Boundaries stepparents shouldn’t cross

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Stepfamilies come in all shapes and sizes, and while they can bring love and happiness, they can also bring problems and various parenting conflicts.


Psychologist Patricia Papernow Ed.D., says, “A stepfamily is a fundamentally different structure and it makes a different foundation for relationships than a first-time family,” One of the major differences with a blended family is that there isn’t an equal relationship to the children in the parenting process.  It creates a dynamic that many step-parents are wise to avoid.  Look at these common areas where parents slip up and make sure you try to avoid making them.

1. Talking negatively about your spouse’s ex.

As a stepparent, you may want to talk poorly of your partner’s ex, but this is one of the cardinal sins you can commit.  Even if your stepchildren are doing it, make sure you listen with an open ear, and be a source of support, but not at the expense of the other parent.  When possible, make sure that you contribute to helping to contain any conflict between your partner and their ex.  The issue will most likely resolve itself, and the child will likely remember any negative things you say and hold it against you.


2. Trying to take the place of your spouse’s ex

While the other parent might not be in your stepchildren’s life, whether because of separation or death, that doesn’t mean that you should take their position.  The child has another dad, and that isn’t you.  Parenting expert Derek Randel says “These children are not yours.  No matter what the biological ex-spouse has done, respect the child’s need to love that parent.”

Be clear with your role here.  You can become a loved and respected mentor to your stepchildren, without the need to take the place of a parent.  Another thing to note here is to never force your stepchildren to call you ‘mum’ or ‘dad’!  Let that come in its own time, or never at all!  And if they do decide to call you ‘mum’ or ‘dad’, then accept it with gratitude and live up to the responsibility that they have given you.


3. Disciplining your stepchildren.

No matter if these children are acting like total brats, this is a line that you cannot cross!  While it can be easy to get caught up in the anger of the situation, it is so much better to keep your cool and wait for their parent to deal with the situation.  They should be the one to impose a suitable punishment if one is needed.

4. Involving yourself in parenting discussions between your partner and their ex.

While it can be so tempting to weigh in on a parenting discussion between your partner and their ex, please don’t.  The ex certainly didn’t agree to co-parent with you, and will likely feel irritated and annoyed if you give un-called for advice.  If they are still upset about the divorce or separation, then they can cause a whole lot of pain and upset which you would probably rather avoid.  While you will likely want to provide your own input into the situation, this should be done privately with your spouse, and make an effort to build a good relationship with your partner’s ex.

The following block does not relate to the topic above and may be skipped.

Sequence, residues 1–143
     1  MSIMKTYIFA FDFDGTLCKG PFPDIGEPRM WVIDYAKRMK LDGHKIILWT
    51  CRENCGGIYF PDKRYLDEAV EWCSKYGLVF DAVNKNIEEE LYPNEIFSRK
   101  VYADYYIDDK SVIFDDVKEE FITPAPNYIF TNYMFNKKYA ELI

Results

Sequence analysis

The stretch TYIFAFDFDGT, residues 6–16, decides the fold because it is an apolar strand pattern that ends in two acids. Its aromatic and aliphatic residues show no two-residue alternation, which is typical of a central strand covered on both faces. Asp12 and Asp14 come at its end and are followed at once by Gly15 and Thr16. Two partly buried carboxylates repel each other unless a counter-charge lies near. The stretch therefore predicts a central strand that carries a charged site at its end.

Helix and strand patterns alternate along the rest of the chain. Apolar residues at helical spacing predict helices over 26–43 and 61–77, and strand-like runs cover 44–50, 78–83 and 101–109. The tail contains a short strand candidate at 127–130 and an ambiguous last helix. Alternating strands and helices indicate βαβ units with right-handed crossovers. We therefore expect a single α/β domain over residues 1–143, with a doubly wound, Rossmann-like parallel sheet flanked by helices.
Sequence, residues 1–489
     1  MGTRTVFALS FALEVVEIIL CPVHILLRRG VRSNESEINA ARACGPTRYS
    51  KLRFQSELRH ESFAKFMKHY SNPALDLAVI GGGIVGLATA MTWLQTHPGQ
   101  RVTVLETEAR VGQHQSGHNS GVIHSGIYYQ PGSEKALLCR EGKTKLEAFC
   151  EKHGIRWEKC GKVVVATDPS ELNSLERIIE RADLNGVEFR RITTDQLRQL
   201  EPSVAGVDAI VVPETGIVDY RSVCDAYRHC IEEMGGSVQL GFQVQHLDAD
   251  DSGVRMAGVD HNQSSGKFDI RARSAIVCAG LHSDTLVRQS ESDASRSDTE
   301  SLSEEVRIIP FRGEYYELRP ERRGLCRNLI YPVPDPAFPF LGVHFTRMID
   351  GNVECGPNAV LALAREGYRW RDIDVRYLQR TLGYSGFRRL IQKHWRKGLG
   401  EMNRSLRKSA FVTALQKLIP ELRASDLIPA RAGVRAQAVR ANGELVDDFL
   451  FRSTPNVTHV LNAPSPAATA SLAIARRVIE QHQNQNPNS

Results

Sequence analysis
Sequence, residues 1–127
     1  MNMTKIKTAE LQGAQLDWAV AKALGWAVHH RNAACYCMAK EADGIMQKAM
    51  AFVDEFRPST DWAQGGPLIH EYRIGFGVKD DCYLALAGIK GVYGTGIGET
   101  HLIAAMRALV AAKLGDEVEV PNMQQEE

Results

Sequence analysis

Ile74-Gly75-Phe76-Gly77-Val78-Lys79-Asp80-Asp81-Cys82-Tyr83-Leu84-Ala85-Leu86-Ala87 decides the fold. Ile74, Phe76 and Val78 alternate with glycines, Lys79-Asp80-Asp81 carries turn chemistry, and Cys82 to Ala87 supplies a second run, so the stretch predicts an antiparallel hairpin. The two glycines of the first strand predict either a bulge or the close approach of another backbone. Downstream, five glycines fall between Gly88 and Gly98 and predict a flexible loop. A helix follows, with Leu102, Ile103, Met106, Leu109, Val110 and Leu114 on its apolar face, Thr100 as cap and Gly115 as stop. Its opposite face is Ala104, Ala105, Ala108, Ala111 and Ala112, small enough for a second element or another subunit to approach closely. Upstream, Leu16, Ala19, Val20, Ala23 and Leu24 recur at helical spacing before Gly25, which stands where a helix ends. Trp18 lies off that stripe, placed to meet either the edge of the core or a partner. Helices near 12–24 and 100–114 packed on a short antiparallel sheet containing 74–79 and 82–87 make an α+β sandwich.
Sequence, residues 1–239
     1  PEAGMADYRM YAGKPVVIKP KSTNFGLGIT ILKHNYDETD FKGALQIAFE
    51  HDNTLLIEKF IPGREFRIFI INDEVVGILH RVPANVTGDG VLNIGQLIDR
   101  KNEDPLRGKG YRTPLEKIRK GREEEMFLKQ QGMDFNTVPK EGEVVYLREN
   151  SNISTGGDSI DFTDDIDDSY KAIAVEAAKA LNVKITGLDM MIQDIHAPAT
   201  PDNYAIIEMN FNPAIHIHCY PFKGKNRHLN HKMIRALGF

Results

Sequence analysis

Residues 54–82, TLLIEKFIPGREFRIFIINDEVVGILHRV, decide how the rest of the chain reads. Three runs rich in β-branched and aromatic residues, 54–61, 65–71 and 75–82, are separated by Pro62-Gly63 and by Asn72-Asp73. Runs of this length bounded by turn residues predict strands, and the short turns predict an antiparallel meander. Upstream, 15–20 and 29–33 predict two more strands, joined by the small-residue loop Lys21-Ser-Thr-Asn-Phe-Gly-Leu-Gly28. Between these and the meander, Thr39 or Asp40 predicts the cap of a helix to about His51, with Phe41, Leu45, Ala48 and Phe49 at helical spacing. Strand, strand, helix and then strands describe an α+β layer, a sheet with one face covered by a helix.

5. Putting yourself between your partner and their children. 

You may want to get on your stepchildren’s good side by disagreeing with your spouse, but this will backfire eventually.  You need to remain a unit as a couple.  While the child may resent you for getting involved in their business, it is far better for your partner and the child to work out their issues without your input.  Remember, you are not the parent. It is not your place to try to overrule the other parent’s decisions regarding the children.

6. Assuming a position of authority.

If your partner has a young child under say the age of 5 or 6, then they may be willing to accept your authority in a blended family, but certainly, teens and school-age children will violently rebuff any attempts at authority.  To tackle this, go slowly with them.  Act as a supportive friend to the children, and as support for your partner.  Basic respect is a must, and you will need to put time and effort into building a relationship with these children if you want to establish a successful blended family.

7. Overruling the ex. 

No matter the rules, whether it is no sleepovers, no piercings before 12 or your stepchildren are banned from dyeing their hair, it is not your place to override the ex’s wishes.  In the situation you are in, there are no ex-parents, just ex-spouses, and they get as much of a say in the matter as your partner does.  Even if you disagree with the rules in place, know that you didn’t implement them and you can’t control them.


8.  Feeling jealous when your partner and their children want some one-on-one time.

Make sure that your stepchildren feel that they can have ‘special time’ without you and that you are 100% okay with that.  Many children might be feeling a bit insecure with their parent’s new relationship, and it is important that they maintain a close bond with both parents at this time.



What boundaries do you think stepparents should never cross?  Tell us in the comments below!

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